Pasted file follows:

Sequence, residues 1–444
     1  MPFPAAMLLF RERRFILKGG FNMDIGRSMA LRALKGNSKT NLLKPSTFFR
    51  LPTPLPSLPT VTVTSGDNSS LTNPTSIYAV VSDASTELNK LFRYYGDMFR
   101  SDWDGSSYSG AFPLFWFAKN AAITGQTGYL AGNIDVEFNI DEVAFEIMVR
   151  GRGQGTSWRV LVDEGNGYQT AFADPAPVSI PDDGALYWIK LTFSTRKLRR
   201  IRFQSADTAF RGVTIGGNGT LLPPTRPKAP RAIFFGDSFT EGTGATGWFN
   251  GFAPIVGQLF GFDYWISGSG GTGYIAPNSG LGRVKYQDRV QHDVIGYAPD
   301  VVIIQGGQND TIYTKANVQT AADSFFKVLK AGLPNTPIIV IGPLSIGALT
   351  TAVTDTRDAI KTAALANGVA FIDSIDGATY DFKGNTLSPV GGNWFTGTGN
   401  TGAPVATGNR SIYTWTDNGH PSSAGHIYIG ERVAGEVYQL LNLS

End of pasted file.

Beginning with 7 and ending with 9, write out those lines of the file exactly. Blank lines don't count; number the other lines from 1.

   251  GFAPIVGQLF GFDYWISGSG GTGYIAPNSG LGRVKYQDRV QHDVIGYAPD
   301  VVIIQGGQND TIYTKANVQT AADSFFKVLK AGLPNTPIIV IGPLSIGALT
   351  TAVTDTRDAI KTAALANGVA FIDSIDGATY DFKGNTLSPV GGNWFTGTGN